I was spending more and more on an endless stream of school trips, lessons and physical activities for my kids until I took control.
I let my children fall off the deep end
If you thought nappies and organic baby food were gnawing holes in your budget, fast forward a few years. Barely three years after my youngest finally tossed his nappies, I'm faced with an innocent-looking letter asking for Dh1,490, announcing that my middle daughter's entire class will be embarking on a two-and-half-day excursion to Dibba. The 56-hour jamboree, organised by the British-run Green Turtle Adventure company, included two nights in tents and a jump from a dhow to boost their self-esteem.
It's apparently not enough that my daughters, aged eight and 11, have discovered a passion for gymnastics, which they do twice a week for two hours. That alone sets me back Dh360 a week for both children. They also receive piano lessons for about Dh100 per week, and swimming lessons for all three children run at about Dh170. All told, it's fair to say that I spend many thousands of dirhams each year keeping my children active and entertained.
These costs can be as surprising as they are crippling, particularly because my children already go to an expensive school. I just wrote nine post-dated cheques for the next school year, amounting to a whopping Dh163,500, plus Dh30,000 for bus transportion and Dh20,000 for lunches. Sure, most schools, such as the one my children attend, offer after-school activities, ranging from music to crafts, netball and Quran recitation. That said, these "free" school activities come with a caveat.
They usually don't start until the second or third week in the semester and finish a week early, leaving only 10 sessions for each activity. And if you want to take on a sport more intensively, say swimming or gymnastics, it is only offered at a highly competitive level. Few children make the school squad, which trains four times a week at no additional cost. Also, a growing number of school activities involve paying: one semester of tennis will set you back Dh75 per hour, while kung fu costs Dh675 for the term. Then there is ballet, Shiamak dance, ice-skating and karate, all of which cost additional money.
But school trips are the real budget killer, and the two-day trip to Dibba for my eight-year-old daughter is only the beginning. There was also the seven-day skiing trip to Austria for my eldest child, offered during Easter holidays, which cost Dh8,500. So I presented my daughter with a choice: ski with her school in Austria, or visit her grandparents in Germany. Thankfully, my daughter opted for the latter. But a week later, she complained bitterly about the new alliances forged between friends after skiing together.
The final straw was a sports camp during this year's Easter term break in April. One day I was naive enough to ask my bored children whether they would enjoy a day at the E-sports camp at Dubai's Wellington School. The proposition cost me Dh400 for two of my children. Luckily, my third child was invited to a friend's house. What strikes me most about these activities is that everybody seems willing to accept such prices. Approaching the class representative about my qualms of paying Dh1,490 on a trip to Dibba for eight year olds only earned me strange looks.
So, what to do? First, I use the free weekly activities at school as the acid test to help my children find out what they enjoy. There's nothing worse than shelling out a fistful of dirhams for something they quit after the first day. I also use the whole debate to teach my children about the value of money. For one, I did not let my daughter participate in that class camp to Dibba. Granted, she was sad at first.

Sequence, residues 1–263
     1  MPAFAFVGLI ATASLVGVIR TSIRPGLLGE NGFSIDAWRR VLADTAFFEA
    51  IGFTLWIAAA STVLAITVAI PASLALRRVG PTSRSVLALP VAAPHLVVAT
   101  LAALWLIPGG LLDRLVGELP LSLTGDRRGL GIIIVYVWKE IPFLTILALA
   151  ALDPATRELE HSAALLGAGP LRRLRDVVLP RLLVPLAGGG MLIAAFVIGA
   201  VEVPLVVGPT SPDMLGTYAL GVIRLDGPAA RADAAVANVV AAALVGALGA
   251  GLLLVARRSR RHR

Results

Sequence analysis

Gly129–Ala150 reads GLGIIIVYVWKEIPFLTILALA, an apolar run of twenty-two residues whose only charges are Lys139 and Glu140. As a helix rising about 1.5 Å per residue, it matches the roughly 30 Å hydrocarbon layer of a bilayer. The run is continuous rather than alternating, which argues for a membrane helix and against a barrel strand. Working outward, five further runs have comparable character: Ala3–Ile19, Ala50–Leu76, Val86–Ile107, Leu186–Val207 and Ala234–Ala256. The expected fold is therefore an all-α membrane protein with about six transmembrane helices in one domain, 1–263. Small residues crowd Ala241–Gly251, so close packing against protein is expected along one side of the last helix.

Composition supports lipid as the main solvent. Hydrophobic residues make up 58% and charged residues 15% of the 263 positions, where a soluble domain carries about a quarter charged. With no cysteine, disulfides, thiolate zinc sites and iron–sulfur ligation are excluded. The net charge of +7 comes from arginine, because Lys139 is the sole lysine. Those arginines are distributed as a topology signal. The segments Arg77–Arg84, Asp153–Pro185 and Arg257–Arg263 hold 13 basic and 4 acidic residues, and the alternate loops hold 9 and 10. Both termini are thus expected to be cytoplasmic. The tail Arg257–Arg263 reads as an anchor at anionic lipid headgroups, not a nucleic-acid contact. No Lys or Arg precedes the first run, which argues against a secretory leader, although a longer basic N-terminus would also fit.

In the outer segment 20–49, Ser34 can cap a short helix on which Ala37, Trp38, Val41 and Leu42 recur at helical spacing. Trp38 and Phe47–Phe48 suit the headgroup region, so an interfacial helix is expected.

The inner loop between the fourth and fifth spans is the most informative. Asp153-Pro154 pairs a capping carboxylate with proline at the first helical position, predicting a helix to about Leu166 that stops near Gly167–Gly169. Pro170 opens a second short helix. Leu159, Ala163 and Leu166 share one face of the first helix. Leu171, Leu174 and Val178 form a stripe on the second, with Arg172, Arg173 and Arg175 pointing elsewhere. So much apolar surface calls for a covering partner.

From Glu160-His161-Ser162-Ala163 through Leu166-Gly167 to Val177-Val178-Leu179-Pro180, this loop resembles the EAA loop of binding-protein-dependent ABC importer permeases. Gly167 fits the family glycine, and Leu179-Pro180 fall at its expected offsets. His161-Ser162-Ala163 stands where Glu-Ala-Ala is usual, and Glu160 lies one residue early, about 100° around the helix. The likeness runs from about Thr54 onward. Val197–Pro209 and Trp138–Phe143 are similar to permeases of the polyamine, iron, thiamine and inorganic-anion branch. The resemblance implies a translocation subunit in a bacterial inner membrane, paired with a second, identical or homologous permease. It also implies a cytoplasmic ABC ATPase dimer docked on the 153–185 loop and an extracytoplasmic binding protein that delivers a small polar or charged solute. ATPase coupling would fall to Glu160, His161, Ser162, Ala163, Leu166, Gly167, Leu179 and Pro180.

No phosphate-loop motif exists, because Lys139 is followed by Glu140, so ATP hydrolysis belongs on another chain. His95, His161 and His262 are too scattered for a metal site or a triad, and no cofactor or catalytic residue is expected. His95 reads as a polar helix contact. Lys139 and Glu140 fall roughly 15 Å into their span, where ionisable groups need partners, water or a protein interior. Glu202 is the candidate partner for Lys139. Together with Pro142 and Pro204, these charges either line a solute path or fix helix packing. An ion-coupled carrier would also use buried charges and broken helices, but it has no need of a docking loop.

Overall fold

But once I explained that the camp costs the equivalent of what a labourer earns in two months (and he feeds himself and his family back home), she nodded silently. And she smiled when I promised a sleepover with a friend in a tent. I am also strict when it comes to skipping any expensive activities they signed up for. I will allow my children to sacrifice one activity per semester for a birthday party. If they want to skip more, they have to decide: continue the activity or not.
Alternatively, if your budget is really tight, parents could always organise activities themselves. One option is to form a collective with other parents, taking advantage of the skills everyone may bring to the table. Of course, this route assumes that the parents have the time, skill and patience for such a proposal. When it comes to real bargains, my son attends the German Soccer Club in Dubai. It costs Dh50 per 90-minute session. Run by three active mothers, it also has a really nice community feel to it.
But before signing up for anything, it makes sense to enquire whether they are flexible regarding times and activities. The more activities an organisation offers, the easier it is to switch if your child suddenly declares that he or she hates swimming. Otherwise, the odd birthday invitation, a school event or a play date will easily make the child miss a few classes - costing you a lot of money and teaching the child little about discipline.
Dubai Olympic Gymnastics, for example, allows two class changes for reasons of illness or travel outside of the country. An e-mail informing them of this is usually enough to send your child on another day. The same is true for Hamilton Aquatics, where the offerings are wide and a child can easily change a class with permission from the teacher. This weekend, I now must make good on my promise. Instead of sending my youngest daughter to Dibba to learn "communication skills and responsibility", she will camp with her friends in the backyard. The family-size pizza will set me back a mere Dh50.